Sudan and the Sails of Hope (2)

Dr. Elshafie Khidir Saeid

In our last article, we said Sudan has witnessed three important events that filled the sails of hope on the ship of the December 2018 revolution, and we discussed the first event which was the call by the Khartoum Resistance Committees the last August for a meeting of all political spectrum, right and left, except the Islamic parties of the Ingaz regime as well as those groups and names that supported the 25th of October 2021 coup or participated in its government.

The second great event is the elections of the Sudanese Journalists Syndicate, which took place through a real democratic practice that brought to mind a healthy atmosphere that we had long missed. This election has confirmed that the years of repression and falsification of the will of workers, even if it lasted for a long time, did not cut off the link with the legacy of the Sudanese trade union movement, which has been staunch and committed to the interests of its members since its establishment in the early fifties of the last century.

The Sudanese trade unions are always observing their independence from any political entity as well as they are continuously adhering to the trade union democracy even though for a long time they have been subjected to abuse, repression, and distortion.

While the trade unions are effective weapons to achieve the demands of the workers, employees, and professionals, they are also necessary tools for training and raising their capabilities, as well as for developing the profession and improving the work environment. Sudanese history tells us that the trade unions are peaceful, effective, and decisive weapons in the battles for political and social change.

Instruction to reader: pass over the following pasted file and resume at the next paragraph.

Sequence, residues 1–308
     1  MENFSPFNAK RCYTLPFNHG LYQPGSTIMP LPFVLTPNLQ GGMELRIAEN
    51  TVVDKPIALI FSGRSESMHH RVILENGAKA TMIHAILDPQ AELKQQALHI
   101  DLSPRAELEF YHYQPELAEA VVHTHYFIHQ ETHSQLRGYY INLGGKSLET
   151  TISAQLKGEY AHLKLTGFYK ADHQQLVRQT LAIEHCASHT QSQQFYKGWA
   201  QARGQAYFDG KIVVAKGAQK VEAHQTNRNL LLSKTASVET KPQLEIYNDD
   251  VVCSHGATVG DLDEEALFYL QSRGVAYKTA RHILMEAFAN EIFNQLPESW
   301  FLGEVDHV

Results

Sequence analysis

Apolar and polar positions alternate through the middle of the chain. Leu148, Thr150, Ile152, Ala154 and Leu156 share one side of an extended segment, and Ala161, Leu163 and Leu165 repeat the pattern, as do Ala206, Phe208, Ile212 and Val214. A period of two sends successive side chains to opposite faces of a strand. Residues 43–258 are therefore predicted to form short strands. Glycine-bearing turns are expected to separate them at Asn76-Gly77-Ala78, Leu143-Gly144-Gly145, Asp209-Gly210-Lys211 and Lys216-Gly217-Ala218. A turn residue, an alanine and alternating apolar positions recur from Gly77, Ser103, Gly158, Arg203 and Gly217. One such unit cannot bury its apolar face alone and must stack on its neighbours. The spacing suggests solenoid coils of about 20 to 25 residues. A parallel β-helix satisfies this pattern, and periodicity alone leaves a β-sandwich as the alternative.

Perhaps one of the stumbling blocks that created gaps in the protection of the December revolution, and drew zigzags in the course of the current transition period, is the alarming slowness in the trade union law legislation process and then the reluctancy to reestablish the elected trade unions as an alternative to the current steering committees. This process is supposed to be a top priority, but unfortunately, no one cares.

The third great and important event is the draft transitional constitution issued by the Sudanese Bar Association in the 1st week of this September based on the resolutions of the constitutional framework workshop, organized by the association in last August with the wide participation of political and civil forces. Knowing the critical dilemma that exists now in Sudan, I do believe that this move from the Bar Association is a very positive & constructive step forward.

The move received wide recognition and acceptance internally & externally since the basic principles identified in the transitional constitution document would be critical to achieving a reliable and effective system of the civilian-led transitional government and would open the way for the resumption of international cooperation and support, as well as it would put Sudan back on the path of the democratic transformation leading to elections at the end of the transitional period.

In my opinion, these three events have opened a wide window for the forces of the revolution to reunite and resume the revolutionary process to accomplish the tasks of the transition based on the principles of the revolution. Since this is the first time for the Resistance Committees to recognize and accept a meeting with the political parties, and since now there is an elected leader of a trade union, i.e., the journalist, others may follow, and since there is a draft document of the transitional constitution, and since the street remains active, then the hope is seen clearly.

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